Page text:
“The rabbi of Schara Tzedeck would not go to Beth Israel, would not be seen to enter, whereas today they have the Rabbinical Association, all the rabbis get on really well together and they seem to respect each other’s different levels of observance, whereas in those days they didn’t,” says Seidelman.
“If you want to talk about splits in the community,” says Dodek, “there was a terrific split between the people who were involved with the Peretz shul and people who were involved with, say, Talmud Torah…. It was not religious and believed that the main language to speak for a Jewish person was Yiddish. And, of course, the people at the Talmud Torah, the language to speak, of course, with the establishment of the state of Israel, was Hebrew.”
“Another theme that emerged through our interviews,” said Schwartz, “was the way gender roles were changing and have changed since the 1960s. Men always worked outside the home, but women rarely did. This was beginning to change, but very slowly. Without full-time jobs, women had the time to dedicate to volunteer organizations like Hadassah and National Council of Jewish Women. Both organizations accomplished a great deal in the 1950s, ’60s and ’70s, but have struggled in the years since, as fewer young women have the time to devote to this type of work.”
For anyone wanting to know more about the role of women in the community, Schwartz recommended the museum’s 2013 exhibit More Than Just Mrs., which can be found online.
“Oakridge, like each of our exhibits, serves three functions,” said Schwartz, listing those functions: a chance to grow the museum’s archives, to increase awareness of the JMABC and of Jewish life in the province, and to reflect on how the community has changed over time.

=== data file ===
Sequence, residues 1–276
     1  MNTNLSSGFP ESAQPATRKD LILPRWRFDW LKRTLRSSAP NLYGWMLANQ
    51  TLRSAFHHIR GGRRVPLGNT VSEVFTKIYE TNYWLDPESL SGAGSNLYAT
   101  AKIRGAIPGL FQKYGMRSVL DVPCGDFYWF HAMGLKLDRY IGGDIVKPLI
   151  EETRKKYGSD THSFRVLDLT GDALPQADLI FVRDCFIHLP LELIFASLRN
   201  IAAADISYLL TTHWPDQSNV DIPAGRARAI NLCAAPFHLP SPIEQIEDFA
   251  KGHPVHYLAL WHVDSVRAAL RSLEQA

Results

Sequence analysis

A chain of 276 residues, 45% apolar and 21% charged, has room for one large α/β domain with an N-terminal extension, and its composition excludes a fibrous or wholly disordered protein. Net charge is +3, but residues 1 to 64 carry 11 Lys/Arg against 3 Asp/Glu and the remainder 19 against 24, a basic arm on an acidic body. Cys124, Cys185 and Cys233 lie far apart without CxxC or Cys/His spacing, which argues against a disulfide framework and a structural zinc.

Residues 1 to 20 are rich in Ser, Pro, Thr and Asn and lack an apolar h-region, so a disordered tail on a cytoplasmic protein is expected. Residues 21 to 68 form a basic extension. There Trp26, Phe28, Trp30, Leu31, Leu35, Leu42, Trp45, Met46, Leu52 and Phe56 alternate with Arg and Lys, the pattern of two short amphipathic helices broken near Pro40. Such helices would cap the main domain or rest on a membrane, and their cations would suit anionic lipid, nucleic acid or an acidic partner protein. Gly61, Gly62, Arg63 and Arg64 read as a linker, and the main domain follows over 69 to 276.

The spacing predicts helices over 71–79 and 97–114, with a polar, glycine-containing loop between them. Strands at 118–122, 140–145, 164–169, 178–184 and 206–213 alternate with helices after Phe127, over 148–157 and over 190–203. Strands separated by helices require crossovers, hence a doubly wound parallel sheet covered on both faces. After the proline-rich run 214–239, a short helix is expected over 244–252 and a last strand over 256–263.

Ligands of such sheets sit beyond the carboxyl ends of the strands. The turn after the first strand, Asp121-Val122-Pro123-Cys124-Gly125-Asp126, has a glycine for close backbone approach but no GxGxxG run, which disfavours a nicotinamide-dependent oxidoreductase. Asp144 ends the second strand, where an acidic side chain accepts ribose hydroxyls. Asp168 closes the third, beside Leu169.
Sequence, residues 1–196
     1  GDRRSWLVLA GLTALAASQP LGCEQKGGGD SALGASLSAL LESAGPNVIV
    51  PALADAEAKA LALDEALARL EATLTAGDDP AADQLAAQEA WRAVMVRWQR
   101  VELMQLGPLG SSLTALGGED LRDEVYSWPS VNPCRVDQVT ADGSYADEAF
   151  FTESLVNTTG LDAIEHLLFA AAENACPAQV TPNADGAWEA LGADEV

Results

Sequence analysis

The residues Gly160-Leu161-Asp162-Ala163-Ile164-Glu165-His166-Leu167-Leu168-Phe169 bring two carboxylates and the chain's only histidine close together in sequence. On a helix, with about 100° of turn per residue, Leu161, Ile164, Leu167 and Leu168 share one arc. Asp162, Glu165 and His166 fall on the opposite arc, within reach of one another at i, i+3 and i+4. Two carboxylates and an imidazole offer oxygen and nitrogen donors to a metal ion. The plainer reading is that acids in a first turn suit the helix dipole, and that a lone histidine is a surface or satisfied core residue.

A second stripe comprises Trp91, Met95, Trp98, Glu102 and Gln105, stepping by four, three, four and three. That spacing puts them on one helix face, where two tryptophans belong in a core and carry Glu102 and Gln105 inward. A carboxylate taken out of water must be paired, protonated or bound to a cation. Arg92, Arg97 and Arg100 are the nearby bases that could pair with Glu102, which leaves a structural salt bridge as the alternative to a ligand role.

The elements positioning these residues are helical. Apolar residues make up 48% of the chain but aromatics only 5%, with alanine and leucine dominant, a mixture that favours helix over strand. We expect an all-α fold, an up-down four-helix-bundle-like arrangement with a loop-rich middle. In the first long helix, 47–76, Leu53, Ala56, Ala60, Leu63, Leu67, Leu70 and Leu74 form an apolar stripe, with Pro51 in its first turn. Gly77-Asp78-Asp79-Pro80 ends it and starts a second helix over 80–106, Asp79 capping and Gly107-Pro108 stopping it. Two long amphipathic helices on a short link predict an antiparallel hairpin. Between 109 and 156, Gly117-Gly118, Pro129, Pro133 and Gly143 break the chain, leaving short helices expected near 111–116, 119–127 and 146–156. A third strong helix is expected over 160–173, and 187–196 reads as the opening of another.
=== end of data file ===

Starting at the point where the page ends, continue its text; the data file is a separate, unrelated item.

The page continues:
For the Oakridge exhibit, he noted, the majority of the oral history interviews “were undertaken by volunteer and student interns, giving them valuable experience in the art and science of oral history interviews. Thanks to projects like this, including other exhibits and our annual journal, The Scribe, our oral history collection has grown substantially in recent years, bringing our current total to 762 interviews.
“Just this month,” he added, “we held two interviewer training sessions as the first phase of our Southern African Diaspora Oral History Project…. Through this project, we intend to interview hundreds of community members who arrived here from South Africa and the neighboring countries in the 1970s, ’80s and ’90s.”
With respect to increasing awareness, Schwartz said, “Many of you will remember the launch of our modern architecture exhibit New Ways of Living back in January of this year. This event had an attendance of over 150 people, many of whom were not Jewish and found out about the event through our partners, Inform Interiors and the UBC School of Architecture and Landscape Architecture. Similarly, our 2015 exhibit, Fred Schiffer: Lives in Photos, attracted more than 800 people over its two-week run, again with much thanks to our partners, Make Gallery and Capture Photography Festival…. Each new exhibit has a specific thematic focus which draws in a new audience.”
As for reflection on the Oakridge years, Schwartz pointed to the expansion of the Jewish community. “Families,” he said, “have settled into neighborhoods throughout the city and the region in general.”
Referring to the Oakridge area, he concluded, “[I]f fewer and fewer Jews live in this neighborhood, does it make sense for the Oak Street corridor to remain the hub of much Jewish activity? This remains to be seen.”
See the exhibit at jewishmuseum.ca/oakridge.